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How to Keep Feeling “Good as Hell” Amid an Era of Fat-Shaming, Lizzo Trolls

Chances are, you know Lizzo, the wildly successful 31-year-old American singer-songwriter, rapper and flute player. She swept up eight Grammy nominations this year and was even named Time Magazine‘s Entertainer of the Year.

In her interview with Time Magazine, Lizzo talks about her booming career and body positivity. “I’ve been doing positive music for a long-a** time. Then the culture changed. There were a lot of things that weren’t popular but existed, like body positivity, which at first was a form of protest for fat bodies and black women and has now become a trendy, commercialized thing. Now I’ve seen it reach the mainstream. Suddenly I’m mainstream!”

Despite her success, time and time again Lizzo has been slandered online and in the media for her body.

On January 5th, Lizzo announced taking a Twitter break because of an influx of trolls on her posts.

On Wednesday, Jillian Michaels, famous for her work as a trainer on The Biggest Loser, took to Buzzfeed‘s morning show in protest of “celebrating Lizzo’s body”.

Fighting the body-positive battle against fat shamers and trolls is mentally exhausting, it’s no wonder Lizzo took a step back from social media for a while. What about the rest of us, how can we make sure we’re protecting ourselves while being bombarded by these comments?

No, They Aren’t Concerned With Our Health

What fat-shamers miss time and time again is the fact that fat people don’t come in a one size fits all cut out. Fat people can eat healthy, fat people can workout; above all, fat people can not do any of those things and it still isn’t anyone’s business.

Furthermore, fat people are well aware of the health consequences of being overweight, so why do fat-shamers continue to act like someone else’s health is any of their business? Do these health-concerned-warriors also troll pictures of people smoking cigarettes to tweet #You’reGoingtoGetLungCancer? No, they probably don’t.

You need to realize that while these comments might hurt, they are not a reflection of who you are. Your health is between you and whoever you decide to disclose that information with. You do not need to justify your health to strangers on the internet!

Don’t Engage if You Don’t Have Too

Engaging in debates online rarely leads to anything positive.

Online trolls crave anonymity and they hide behind it because they know they won’t face any repercussions. However, the people on the other end of their comments feel the brute force of their words.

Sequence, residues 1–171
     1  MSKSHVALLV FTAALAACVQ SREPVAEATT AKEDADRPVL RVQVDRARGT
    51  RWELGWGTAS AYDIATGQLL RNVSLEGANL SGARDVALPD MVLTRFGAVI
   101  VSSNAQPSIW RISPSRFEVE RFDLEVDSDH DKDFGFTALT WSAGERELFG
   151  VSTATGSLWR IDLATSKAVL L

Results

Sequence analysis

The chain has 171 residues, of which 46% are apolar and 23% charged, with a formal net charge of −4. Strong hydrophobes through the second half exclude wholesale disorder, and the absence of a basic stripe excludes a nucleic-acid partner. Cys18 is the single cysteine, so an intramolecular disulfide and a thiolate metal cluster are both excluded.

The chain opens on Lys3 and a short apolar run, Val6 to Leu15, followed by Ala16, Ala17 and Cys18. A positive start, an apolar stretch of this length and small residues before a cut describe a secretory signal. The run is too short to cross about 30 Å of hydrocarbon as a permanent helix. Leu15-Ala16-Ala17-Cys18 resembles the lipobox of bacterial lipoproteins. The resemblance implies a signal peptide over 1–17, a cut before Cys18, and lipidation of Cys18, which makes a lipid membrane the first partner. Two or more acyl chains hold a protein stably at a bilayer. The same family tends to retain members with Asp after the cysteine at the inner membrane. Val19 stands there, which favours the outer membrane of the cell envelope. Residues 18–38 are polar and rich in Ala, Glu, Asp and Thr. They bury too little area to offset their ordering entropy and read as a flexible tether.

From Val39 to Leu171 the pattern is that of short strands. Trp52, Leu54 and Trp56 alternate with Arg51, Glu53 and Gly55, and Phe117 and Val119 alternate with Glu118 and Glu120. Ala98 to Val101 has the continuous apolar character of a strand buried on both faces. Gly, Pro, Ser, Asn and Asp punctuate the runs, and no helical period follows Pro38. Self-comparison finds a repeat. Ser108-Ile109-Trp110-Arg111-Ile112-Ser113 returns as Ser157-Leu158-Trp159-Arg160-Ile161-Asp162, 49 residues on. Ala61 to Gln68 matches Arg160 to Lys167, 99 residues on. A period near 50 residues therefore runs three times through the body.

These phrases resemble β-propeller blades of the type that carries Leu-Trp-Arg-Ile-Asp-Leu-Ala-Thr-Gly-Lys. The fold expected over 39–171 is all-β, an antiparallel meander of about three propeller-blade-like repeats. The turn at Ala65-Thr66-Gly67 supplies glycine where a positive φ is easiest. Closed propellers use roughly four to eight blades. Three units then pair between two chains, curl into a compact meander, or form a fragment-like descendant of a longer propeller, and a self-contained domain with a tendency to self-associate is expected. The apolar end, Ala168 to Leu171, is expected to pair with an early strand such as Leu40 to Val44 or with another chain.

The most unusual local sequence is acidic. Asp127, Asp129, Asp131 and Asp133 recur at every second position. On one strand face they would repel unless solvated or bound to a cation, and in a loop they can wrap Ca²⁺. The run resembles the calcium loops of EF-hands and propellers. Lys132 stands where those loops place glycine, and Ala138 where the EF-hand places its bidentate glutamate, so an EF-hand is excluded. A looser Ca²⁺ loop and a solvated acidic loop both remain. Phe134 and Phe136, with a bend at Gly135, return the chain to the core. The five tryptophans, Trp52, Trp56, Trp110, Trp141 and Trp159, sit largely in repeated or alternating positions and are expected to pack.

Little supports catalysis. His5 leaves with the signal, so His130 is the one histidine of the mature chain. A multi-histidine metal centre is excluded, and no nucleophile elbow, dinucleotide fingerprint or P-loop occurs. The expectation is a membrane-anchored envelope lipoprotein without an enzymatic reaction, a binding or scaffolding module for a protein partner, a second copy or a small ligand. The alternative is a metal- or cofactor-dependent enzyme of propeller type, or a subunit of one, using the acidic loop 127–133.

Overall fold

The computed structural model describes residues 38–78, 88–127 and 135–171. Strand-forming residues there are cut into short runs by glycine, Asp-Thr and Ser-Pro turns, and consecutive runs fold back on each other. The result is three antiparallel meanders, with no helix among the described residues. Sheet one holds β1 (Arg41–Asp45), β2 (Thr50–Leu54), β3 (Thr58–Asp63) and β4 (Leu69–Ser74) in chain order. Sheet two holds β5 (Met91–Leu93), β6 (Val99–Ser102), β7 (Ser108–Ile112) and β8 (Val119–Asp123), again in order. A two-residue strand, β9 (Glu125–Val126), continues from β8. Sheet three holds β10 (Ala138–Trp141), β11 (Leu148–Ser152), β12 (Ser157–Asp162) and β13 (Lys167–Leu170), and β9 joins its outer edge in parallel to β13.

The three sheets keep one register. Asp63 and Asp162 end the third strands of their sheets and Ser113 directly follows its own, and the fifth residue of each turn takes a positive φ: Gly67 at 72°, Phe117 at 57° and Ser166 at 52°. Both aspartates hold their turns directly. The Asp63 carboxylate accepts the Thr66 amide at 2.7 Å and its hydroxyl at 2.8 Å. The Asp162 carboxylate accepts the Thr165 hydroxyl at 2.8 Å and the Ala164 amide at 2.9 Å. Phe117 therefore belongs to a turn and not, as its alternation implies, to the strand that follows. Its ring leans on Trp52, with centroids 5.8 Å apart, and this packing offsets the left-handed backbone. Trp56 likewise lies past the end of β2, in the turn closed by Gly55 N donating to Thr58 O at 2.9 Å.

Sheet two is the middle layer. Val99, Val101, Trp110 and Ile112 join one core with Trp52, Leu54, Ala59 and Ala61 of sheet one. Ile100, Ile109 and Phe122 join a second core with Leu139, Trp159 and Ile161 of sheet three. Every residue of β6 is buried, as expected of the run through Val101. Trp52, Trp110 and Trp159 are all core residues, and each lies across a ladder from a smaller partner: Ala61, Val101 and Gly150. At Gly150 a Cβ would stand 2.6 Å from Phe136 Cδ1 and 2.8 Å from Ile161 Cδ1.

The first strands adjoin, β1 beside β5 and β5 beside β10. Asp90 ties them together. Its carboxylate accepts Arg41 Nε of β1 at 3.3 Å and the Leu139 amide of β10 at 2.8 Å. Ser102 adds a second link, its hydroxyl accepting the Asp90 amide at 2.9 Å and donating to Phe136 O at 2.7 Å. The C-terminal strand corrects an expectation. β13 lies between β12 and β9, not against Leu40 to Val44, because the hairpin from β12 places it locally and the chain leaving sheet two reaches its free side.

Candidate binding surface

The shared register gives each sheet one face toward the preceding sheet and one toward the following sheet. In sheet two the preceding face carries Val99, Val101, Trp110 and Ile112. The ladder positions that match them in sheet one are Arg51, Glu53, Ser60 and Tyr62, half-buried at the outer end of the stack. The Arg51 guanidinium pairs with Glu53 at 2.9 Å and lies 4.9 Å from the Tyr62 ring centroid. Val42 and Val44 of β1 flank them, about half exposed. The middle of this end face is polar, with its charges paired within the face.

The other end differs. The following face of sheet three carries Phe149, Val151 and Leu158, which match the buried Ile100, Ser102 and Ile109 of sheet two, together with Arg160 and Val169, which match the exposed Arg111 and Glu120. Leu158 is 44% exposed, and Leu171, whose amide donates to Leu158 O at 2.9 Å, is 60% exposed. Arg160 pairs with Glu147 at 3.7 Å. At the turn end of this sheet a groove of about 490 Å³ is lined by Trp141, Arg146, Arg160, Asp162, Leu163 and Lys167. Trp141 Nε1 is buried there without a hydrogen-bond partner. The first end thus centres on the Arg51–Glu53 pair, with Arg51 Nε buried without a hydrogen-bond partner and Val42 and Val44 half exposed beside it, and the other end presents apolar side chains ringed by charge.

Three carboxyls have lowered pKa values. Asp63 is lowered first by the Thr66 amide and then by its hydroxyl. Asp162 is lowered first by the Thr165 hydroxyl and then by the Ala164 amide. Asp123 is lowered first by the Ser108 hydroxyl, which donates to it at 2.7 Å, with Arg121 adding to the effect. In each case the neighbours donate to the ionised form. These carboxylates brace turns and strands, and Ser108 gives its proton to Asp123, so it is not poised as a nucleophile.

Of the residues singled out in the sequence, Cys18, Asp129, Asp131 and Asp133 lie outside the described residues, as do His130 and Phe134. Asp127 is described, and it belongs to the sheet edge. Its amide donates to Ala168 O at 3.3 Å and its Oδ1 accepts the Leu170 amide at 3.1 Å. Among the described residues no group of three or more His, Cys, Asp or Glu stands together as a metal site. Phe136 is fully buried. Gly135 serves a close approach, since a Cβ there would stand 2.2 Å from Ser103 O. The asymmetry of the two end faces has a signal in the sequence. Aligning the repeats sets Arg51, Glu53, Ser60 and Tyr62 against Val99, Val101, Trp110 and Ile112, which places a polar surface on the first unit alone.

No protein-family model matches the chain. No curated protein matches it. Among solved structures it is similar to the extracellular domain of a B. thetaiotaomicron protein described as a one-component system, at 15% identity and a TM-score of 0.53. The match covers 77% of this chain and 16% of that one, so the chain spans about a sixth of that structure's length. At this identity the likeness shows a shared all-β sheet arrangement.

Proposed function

If you know you will be negatively affected by seeing fat-shaming comments online, don’t stalk Twitter threads surrounding the matter. If you really need too, take a few days off social media to remind yourself who you are and what you stand for.

Do something that makes you feel good, dance in your room to some music or draw yourself a nice bath. Thank your body for what it allows you to do, look at yourself in the mirror and compliment yourself. What do you admire about yourself? What are your favorite features?

Express Yourself

I am writing this article to express myself, I am writing to express my anger and my sadness. We are all human and we experience human emotions, it’s okay to feel angry or sad, but don’t let those thoughts consume you.

Talk to your friends about fat-shaming, write a controversial Facebook post. If you aren’t ready for any of that yet, pull out a piece of paper and vent, you can recycle it later if you really don’t want to keep it around.

Support Other Plus Size Figures

Through personal experience, I’ve found Instagram to be my favorite platform for the body positive community.

Here are a few of my favorite accounts.

Besides Instagram, support and uplift people that you know in real life. Surround yourself with good energy and good intentions.

You deserve happiness in 2020, babes; Don’t limit yourself based on what you believe your body should/shouldn’t look like.

 

Featured Image Via @Lizzobeeating on Instagram

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Written By

Nadia is currently enrolled at Lakehead University and is taking courses in political science, economics and psychology. She enjoys theatre, thrift shopping and travelling.

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